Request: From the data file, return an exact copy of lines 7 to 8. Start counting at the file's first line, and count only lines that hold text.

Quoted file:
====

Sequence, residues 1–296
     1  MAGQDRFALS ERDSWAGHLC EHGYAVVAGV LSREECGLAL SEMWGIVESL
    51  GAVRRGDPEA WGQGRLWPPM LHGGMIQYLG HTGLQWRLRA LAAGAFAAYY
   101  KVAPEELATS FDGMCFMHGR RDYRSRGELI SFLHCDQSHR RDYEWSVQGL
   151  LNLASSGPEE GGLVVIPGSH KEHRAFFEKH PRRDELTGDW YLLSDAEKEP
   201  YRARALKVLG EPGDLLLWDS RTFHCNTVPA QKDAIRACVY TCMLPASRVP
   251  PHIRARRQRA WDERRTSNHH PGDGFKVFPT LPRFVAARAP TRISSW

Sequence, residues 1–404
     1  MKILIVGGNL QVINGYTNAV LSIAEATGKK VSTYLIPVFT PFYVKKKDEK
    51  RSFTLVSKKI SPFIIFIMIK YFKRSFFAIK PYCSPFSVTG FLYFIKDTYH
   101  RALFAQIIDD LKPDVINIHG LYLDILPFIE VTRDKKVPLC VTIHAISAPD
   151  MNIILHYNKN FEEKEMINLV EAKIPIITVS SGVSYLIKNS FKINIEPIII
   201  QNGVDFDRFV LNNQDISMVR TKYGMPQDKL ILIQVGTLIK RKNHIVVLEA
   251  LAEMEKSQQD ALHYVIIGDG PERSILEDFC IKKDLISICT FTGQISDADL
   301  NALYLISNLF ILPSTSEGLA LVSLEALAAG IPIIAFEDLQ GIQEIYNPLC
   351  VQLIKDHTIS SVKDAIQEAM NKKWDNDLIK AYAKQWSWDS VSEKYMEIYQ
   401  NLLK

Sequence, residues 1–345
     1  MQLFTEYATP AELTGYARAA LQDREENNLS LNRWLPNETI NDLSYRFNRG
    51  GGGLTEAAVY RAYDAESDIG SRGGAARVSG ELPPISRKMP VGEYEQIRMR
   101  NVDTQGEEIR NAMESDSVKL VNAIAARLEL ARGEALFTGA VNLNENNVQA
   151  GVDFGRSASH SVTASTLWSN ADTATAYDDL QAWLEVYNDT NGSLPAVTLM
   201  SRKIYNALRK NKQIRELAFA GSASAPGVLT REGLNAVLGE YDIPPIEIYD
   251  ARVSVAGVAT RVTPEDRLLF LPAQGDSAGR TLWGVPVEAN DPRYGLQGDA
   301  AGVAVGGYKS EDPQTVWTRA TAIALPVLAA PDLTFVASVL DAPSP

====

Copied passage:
   251  PHIRARRQRA WDERRTSNHH PGDGFKVFPT LPRFVAARAP TRISSW

Sequence, residues 1–404